Ebola outbreak can be halted, says WHO chief
West Africa outbreak ‘moving faster than our efforts to control it’, says Margaret Chan
Dr Kent Brantly (right) working at an Ebola treatment clinic in Foya, Liberia, in June. Brantly and Nancy Writebol, who are now suffering from Ebola in Liberia, are scheduled to be evacuated to the United States for treatment. Photograph: EPA/Samaritan’s Purse
The outbreak is the worst since the disease was discovered in the mid-1970s, with 729 deaths in four different countries.
“If the situation continues to deteriorate, the consequences can be catastrophic in terms of lost lives but also severe socio- economic disruption and a high risk of spread to other countries,” she said.
But the outbreak could be stopped and the public was not at high risk of infection, she added.
Governments might need to restrict population movements and public gatherings, and use the police and civil defence forces to guarantee the security of response teams, she said.
Two Americans working for aid group Samaritan’s Purse who contracted the disease in Liberia were in a serious condition and would be medically evacuated by early next week, the organisation said.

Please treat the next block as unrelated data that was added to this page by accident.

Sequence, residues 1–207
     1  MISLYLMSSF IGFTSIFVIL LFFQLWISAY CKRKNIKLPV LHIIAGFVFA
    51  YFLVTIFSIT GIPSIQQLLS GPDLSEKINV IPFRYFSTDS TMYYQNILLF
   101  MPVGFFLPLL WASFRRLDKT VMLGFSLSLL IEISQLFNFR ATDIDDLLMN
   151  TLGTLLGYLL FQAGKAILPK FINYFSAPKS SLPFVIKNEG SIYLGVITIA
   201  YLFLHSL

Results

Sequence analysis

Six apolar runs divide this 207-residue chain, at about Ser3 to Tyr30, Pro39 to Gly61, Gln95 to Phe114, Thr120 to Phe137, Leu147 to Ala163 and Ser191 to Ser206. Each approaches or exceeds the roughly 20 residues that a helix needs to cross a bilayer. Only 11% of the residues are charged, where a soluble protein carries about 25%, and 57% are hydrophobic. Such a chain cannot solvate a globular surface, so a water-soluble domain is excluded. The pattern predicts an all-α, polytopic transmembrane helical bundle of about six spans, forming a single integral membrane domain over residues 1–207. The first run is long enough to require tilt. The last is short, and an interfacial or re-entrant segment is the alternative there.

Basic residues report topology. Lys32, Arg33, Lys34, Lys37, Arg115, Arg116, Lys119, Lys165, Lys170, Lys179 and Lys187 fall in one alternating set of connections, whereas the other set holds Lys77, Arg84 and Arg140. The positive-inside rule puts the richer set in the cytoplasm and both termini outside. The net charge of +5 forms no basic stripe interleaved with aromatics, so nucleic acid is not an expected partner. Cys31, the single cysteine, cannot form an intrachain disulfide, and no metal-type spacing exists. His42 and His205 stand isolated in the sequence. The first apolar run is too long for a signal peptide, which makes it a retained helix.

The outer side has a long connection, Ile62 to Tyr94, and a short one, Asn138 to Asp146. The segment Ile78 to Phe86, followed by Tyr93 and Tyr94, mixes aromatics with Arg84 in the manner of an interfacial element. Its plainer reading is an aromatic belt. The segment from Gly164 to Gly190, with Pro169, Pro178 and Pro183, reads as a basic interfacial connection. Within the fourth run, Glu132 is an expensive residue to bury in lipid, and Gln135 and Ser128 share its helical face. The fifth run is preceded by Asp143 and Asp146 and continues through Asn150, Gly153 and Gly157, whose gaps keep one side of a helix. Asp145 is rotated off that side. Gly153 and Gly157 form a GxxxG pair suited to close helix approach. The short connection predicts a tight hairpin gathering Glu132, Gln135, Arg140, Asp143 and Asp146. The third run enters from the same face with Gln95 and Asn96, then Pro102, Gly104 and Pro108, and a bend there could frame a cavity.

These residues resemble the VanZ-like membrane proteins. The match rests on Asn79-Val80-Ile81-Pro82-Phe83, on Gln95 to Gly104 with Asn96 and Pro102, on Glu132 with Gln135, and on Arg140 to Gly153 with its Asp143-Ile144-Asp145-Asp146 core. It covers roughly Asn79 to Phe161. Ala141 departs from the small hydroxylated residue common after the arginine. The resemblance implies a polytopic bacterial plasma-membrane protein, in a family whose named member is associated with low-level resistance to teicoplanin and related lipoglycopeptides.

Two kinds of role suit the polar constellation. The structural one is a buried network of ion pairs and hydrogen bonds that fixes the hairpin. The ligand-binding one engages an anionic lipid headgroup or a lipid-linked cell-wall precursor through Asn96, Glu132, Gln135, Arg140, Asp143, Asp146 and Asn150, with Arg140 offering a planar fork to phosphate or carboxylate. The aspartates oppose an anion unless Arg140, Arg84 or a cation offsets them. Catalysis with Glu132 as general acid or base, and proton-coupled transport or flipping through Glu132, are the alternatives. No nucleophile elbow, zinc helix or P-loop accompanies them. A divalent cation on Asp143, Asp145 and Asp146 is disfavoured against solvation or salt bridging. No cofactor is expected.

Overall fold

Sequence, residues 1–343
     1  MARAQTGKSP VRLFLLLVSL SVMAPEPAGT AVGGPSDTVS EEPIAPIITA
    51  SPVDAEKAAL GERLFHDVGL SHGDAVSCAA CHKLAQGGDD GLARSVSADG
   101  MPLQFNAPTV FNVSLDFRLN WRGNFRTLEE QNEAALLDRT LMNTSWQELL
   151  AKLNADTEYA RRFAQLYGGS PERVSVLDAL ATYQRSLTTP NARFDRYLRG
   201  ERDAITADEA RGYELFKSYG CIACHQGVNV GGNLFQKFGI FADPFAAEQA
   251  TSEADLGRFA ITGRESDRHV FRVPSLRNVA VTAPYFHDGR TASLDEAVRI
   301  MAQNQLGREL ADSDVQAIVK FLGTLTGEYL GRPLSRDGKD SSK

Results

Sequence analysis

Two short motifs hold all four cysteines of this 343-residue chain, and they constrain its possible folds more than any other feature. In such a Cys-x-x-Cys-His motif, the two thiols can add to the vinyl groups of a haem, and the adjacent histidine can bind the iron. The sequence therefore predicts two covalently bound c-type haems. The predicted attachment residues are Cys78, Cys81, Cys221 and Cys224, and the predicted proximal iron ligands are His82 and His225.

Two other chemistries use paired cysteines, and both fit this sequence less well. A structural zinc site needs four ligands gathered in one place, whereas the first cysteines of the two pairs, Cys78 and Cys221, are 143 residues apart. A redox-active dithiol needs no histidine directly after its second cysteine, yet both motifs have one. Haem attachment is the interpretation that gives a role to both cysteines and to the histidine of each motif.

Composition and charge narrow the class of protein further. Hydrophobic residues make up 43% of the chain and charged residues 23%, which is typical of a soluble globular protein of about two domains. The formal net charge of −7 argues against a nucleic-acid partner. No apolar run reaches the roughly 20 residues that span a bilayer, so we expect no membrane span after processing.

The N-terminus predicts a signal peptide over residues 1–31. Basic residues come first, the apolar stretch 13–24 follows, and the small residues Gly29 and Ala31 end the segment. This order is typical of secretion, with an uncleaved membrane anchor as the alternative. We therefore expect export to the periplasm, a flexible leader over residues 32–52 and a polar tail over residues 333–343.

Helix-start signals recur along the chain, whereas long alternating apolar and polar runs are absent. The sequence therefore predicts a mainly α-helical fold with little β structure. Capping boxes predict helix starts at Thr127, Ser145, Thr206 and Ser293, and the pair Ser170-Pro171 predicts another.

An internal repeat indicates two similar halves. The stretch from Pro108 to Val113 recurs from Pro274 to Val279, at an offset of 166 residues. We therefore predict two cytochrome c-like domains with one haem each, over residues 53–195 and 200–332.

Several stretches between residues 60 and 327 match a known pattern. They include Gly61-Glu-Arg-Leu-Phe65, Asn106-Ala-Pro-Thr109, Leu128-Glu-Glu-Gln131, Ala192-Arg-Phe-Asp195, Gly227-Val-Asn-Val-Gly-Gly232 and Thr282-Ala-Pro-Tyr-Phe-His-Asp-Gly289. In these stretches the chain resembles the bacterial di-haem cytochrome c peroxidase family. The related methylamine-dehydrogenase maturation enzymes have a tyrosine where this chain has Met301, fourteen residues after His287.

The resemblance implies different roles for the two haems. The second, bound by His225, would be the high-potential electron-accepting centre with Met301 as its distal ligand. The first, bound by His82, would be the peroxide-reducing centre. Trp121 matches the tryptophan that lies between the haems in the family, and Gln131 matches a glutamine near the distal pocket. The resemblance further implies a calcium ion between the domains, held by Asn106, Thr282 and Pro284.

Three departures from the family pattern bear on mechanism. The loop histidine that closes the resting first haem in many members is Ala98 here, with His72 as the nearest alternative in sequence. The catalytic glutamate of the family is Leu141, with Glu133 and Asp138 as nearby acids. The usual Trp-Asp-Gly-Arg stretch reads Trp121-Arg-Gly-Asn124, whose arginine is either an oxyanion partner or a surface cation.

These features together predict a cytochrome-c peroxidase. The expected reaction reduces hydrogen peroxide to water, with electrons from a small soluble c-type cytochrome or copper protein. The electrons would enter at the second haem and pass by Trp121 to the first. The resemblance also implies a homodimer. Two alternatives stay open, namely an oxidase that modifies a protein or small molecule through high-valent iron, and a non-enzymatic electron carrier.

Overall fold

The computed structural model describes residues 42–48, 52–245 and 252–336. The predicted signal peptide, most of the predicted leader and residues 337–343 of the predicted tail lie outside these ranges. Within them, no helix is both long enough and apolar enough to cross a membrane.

Liberia has put in place measures including closing all schools and some government departments as well as possibly quarantining affected communities. Sierra Leone declared a state of emergency and called in troops to isolate Ebola victims.
However, the leader of Guinea’s Ebola taskforce said his country would not be following these moves.
“Some measures taken by our neighbours could make the fight against Ebola even harder,” said Aboubacar Sidiki Diakit, citing in particular the closure of schools.
“When children are not supervised, they can go anywhere and make the problem worse.”
The outbreak has prompted some international organisations to withdraw. The US Peace Corps has said it was withdrawing 340 volunteers from Liberia, Sierra Leone and Guinea. Samaritans Purse said yesterday it would complete the evacuation of its 60 international staff from Liberia over the weekend.
WaterAid said yesterday it was suspending its operations there as well.
The WHO is launching a $100 million response plan and the US is providing material and technical support to the three countries. Further assistance will be discussed at a meeting in Washington next week.